England are in action again, which means the debate that has gripped the nation returns once again. No, not whether Michael Owen will finally implode under the pressure of his daughter’s Love Island fame, but who should start at right-back under Gareth Southgate.
But there’s only one man for the job. Kyle Walker. Not only England’s best option but the best right-back the Premier League has ever seen.
Let’s deal with the current England contenders first, before looking back in time. Trent Alexander-Arnold is a unique problem on the international stage. He’s phenomenal for his club, arguably the finest full-back in the Premier League, but he is allowed to play an almost free role from that wide position under Jurgen Klopp. That’s something that will be functional at an international tournament, and in key times, he has slipped up defensively.
He lost Vinicius Jr in the Champions League final, he was beaten in the semi-final in the air against Villarreal and he hasn’t produced at wing-back in the same way for England. It’s a relationship that doesn’t seem to be a fruitful one at this present moment in time, but the future could open up a pathway.
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He also only has one Premier League title to his name, Kyle Walker now has four. One’s still at the start of his career, one is coming to the end. He may well become the greatest, but he isn’t there yet.
So if Walker is ahead of Alexander-Arnold, Kieran Trippier and Reece James in the pecking order for England, where does he rank amongst the best right-backs in Premier League history?
Gary Neville is by far the most successful with an untouchable eight league titles to his name, but even by his own admission, he wasn’t the best individual player. He was a great leader and squeezed every last drop out of his potential, but Manchester United would have probably won the same amount of titles without him.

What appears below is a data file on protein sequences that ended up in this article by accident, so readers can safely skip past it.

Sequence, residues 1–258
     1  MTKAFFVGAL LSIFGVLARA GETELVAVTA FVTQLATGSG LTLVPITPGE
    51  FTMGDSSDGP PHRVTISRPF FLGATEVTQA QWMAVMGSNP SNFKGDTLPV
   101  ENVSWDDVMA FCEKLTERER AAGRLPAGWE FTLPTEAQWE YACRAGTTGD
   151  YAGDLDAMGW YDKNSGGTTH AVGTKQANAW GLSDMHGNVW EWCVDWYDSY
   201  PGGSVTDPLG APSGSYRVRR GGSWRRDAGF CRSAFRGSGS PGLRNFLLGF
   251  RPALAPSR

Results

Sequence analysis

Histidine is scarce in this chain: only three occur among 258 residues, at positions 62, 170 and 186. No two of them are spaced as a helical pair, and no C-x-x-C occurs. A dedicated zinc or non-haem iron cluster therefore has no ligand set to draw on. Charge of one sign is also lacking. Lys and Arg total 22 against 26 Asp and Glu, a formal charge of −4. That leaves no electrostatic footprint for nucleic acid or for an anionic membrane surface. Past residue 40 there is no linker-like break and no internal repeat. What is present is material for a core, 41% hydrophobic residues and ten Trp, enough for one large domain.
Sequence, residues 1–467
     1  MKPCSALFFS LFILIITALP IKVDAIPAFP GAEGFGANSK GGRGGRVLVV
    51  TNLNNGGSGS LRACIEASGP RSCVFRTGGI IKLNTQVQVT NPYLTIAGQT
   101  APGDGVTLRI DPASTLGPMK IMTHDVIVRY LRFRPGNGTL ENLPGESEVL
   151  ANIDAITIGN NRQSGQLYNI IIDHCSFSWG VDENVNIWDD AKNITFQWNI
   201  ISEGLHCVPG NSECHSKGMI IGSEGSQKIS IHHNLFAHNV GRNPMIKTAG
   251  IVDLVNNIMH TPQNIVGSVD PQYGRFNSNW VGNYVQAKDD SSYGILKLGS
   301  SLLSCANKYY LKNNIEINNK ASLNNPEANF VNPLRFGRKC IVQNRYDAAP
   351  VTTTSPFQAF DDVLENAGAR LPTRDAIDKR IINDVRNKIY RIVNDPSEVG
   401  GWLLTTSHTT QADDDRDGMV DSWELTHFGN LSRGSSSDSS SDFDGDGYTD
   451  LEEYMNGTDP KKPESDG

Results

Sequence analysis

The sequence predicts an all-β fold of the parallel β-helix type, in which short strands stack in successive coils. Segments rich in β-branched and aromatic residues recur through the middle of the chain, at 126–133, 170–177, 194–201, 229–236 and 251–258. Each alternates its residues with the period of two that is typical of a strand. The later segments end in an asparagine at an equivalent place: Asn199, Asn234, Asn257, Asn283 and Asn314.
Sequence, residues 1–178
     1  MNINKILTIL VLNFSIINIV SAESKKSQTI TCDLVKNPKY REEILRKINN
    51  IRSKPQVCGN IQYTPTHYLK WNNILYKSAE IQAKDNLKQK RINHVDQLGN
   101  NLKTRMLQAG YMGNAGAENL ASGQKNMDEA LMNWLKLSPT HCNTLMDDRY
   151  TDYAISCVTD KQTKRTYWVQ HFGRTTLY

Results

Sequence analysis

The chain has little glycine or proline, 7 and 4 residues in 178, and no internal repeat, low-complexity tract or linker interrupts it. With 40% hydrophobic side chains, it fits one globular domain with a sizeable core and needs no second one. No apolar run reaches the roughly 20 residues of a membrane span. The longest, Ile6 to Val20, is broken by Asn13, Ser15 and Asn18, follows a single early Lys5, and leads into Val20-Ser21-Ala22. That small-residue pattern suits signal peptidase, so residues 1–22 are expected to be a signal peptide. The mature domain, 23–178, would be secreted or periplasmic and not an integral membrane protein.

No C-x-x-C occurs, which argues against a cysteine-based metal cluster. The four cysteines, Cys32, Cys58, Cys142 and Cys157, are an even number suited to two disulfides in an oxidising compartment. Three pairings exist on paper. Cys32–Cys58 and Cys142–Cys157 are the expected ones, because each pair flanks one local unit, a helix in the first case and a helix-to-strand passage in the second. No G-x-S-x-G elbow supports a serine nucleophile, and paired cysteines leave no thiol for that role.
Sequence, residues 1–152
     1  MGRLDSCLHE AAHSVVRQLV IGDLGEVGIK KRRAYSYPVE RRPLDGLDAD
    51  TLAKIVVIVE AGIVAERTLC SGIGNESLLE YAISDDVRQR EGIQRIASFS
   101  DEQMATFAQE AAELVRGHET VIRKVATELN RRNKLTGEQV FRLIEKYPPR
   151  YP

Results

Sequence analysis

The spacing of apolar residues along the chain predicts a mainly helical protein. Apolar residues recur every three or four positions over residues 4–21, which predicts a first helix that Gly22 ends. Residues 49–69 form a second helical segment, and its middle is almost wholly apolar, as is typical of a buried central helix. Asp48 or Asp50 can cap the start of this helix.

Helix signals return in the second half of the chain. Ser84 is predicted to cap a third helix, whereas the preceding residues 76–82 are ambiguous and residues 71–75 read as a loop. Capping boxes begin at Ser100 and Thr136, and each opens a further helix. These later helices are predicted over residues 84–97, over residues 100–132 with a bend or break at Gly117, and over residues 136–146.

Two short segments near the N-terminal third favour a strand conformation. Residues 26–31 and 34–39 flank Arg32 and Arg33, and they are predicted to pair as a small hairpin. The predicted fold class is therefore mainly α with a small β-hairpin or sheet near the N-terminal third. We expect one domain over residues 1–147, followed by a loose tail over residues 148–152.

Lee Dixon is an often overlooked name in the running, and having won four titles with an iconic Arsenal back four, he goes down as an all-time great, but full-backs were a different breed back then. If you needed someone to track a runner, nullify a winger and clatter into a forward, Dixon was your man, but he didn’t have the same attacking qualities the modern game requires.
Lauren was an Invincible, Pablo Zabaleta helped win City their first league title and Micah Richards ‘burst onto the scene’. Branislav Ivanovic was a threat in both boxes for Chelsea and Cesar Azpilicuta has been a wonderful captain as part of the Blues’ modern success and showed immense longevity. Right-back is certainly the weakest spot in the all-time Premier League XI, but Walker’s the best of the bunch.
The thing he has over all his competitors is his importance to his team. He is so influential for both club and country and it's hard to imagine a recent Manchester City title win without him. He’s the driving force from the right, the man who has so often bailed out the centre-backs and his ability on the ball is often underrated.
It’s his pace which is so crucial to those recovery runs and combined with his experience it is why he will be starting at the World Cup. His work as a centre-back in a three should also not go unnoticed and it's why he is so crucial for Southgate’s plans.
For somebody who is so reliant on those impressive physical attributes, he has come on leaps and bounds as a footballer under Pep Guardiola. His understanding of the game and positional awareness have drastically improved under the Spanish manager and now he has asserted himself as one of the Premier League greats.
Four titles to his name, for a player that played for Tottenham Hotspur until he was 27, is remarkable. Walker is the perfect mix of the old school and the new school, can read the game as well as anybody and has pace to burn. There’s not been a right-back better than him in Premier League history.